So on my end, it was a lot of build up for really no reward…but I’m comfortable with at the least gaining a better understanding of the process and knowing that I’m not alone…I mean Mines gave them their demo car for something like 5 months and got absolutely zero screen time…so who am I to be upset.

As usual I remain persistent and I hope that the third time is a charm for me (I did a little work in FF3 with no results, did a lot more in FF4 with almost no result, and FF5…we’ll see…) That’s not counting the bit of film time I got in FF1 since that was so long ago.

Here’s two shots of the S2000s produced for the opening scene of the movie (which I hope will at least be on the DVD)

Bulletproof Automotive S2000 Fast and Furious Opening Scene - Deleted

Bulletproof Automotive S2000 Fast and Furious Opening Scene - Deleted

Bulletproof Automotive S2000 Opening Scene Fast and Furious

Bulletproof Automotive S2000 Opening Scene Fast and Furious

It should be noted how fast these cars changed under the varying conditions of the studio. It started with me having  full creative control in which I prepared a quick concept of the car (the GT3 green S2000 with flat black TE37s with the green stripe). Then mid way through the studio required the car to be a candy red. In response to the candy red show car color I decided to go crazy and do 24K gold RE30 Volks in 19×11 size with stretched tires. I figured if they want bling, I’ll give them bling!  Then 12 hours before filming they (without my knowing) took the RE30s off and put on Koenig wheels, took off the craftsquare carbon mirrors and put on APR mirrors, spray painted the leather seats, discarded the clear corner lenses for the headlights, slapped in some orange side markers and sent the car to filming. Since I’m not a fan of Koenig, and APR I’ll not be posting any pictures of the car in the final movie spec. Perhaps the DVD will show that.

Most funny part of filming: The S2000 is a drug transport car in the movie and is filmed both racing and sitting still during a drug deal. It wasn’t until on the set that they started trying to figure out how to fit a massive case of drugs into the S2000. They started “trying” to open up the rear hatch (which if you have this hardtop you know is not possible by simply trying to lift it open) and looking for places to store a massive case of heroin. In the end, the S2000 is not a great drug transport car if you’re moving weight like that…so we ended up pulling the passenger seat out to put the case in. I found that to be a really amusing moment.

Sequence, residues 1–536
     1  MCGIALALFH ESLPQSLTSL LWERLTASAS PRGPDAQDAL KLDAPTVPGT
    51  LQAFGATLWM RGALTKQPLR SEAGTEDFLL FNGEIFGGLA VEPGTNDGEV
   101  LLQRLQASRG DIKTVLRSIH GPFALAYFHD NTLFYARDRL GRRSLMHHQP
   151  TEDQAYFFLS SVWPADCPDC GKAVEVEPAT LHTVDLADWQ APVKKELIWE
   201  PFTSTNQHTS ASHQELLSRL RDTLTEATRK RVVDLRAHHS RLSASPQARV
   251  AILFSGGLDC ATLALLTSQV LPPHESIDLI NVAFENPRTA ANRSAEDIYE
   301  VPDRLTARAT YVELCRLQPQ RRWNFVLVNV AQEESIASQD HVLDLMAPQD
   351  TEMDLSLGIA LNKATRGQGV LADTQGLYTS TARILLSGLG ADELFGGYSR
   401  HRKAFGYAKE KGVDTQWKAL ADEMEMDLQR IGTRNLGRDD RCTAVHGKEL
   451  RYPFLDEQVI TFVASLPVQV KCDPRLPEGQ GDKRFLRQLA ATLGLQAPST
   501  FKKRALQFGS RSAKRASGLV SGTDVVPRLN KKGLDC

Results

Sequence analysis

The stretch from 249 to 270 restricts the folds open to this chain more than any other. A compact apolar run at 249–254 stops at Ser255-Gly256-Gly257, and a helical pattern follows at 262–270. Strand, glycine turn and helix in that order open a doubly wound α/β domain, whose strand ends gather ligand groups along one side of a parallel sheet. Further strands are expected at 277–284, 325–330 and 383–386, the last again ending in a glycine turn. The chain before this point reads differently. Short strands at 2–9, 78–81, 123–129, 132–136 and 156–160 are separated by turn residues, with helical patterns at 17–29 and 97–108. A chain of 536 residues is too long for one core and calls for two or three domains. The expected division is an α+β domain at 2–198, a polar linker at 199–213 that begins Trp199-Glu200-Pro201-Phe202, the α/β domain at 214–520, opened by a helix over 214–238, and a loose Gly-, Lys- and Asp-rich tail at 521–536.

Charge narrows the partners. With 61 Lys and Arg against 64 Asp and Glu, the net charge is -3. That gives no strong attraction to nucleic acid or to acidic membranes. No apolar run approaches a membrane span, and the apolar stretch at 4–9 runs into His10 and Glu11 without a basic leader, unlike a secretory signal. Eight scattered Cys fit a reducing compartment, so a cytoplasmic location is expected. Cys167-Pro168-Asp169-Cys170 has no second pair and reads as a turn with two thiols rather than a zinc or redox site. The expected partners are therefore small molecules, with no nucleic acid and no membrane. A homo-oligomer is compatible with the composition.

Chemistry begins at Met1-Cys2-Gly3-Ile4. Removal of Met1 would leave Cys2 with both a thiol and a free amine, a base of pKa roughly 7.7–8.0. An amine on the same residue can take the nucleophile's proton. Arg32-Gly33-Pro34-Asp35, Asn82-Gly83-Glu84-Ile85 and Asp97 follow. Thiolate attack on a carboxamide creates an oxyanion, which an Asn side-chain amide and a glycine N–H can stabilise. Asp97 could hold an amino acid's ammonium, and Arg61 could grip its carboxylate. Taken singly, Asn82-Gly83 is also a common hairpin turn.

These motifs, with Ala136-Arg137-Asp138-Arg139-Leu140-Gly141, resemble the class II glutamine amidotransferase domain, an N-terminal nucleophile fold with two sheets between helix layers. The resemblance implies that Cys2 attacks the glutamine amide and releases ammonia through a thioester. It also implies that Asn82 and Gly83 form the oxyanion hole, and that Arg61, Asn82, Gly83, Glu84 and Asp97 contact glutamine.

Fast and Furious 4 Opening Scene Feature Car Project – Pt. 1

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Some of you have heard the rumors already. Universal Studios had asked us to build them twin S2000 feature cars. The Honda S2000s will be used in a racing scene along with a few other feature cars for the opening sequence of Fast and The Furious 4. Currently the two cars are already completed and have started filming.

It is a long and interesting story, some of which I can say now and some of which I cant. Here is part 1:

I was a consultant on The Fast and the Furious: Tokyo Drift for a short period of time. During that time at one point I was asked to design/build the majority of the cars for FF3 (they even asked me to have Top Secret build them a full built GT-R engine for the Mustang). I was given the car list and I started to plan some pretty serious cars. Shortly after the planning stage everything started falling apart and I left the project because their direction and my own did not mesh. I had big hopes to bring some of the hardcore Japanese functional design to the movie but ultimately the movie’s decisions were made for reasons other than purely the art form of building the best cars possible. The only tangible thing that materialized from my time with them was the article I wrote for Modified Magazine offering the world exclusive on the GT-R powered Mustang and an inside peak on the development of the movie.

Link to “JDM Goes Hollywood” Here: http://www.therealjdm.com/archives/TheRealJDM07.pdf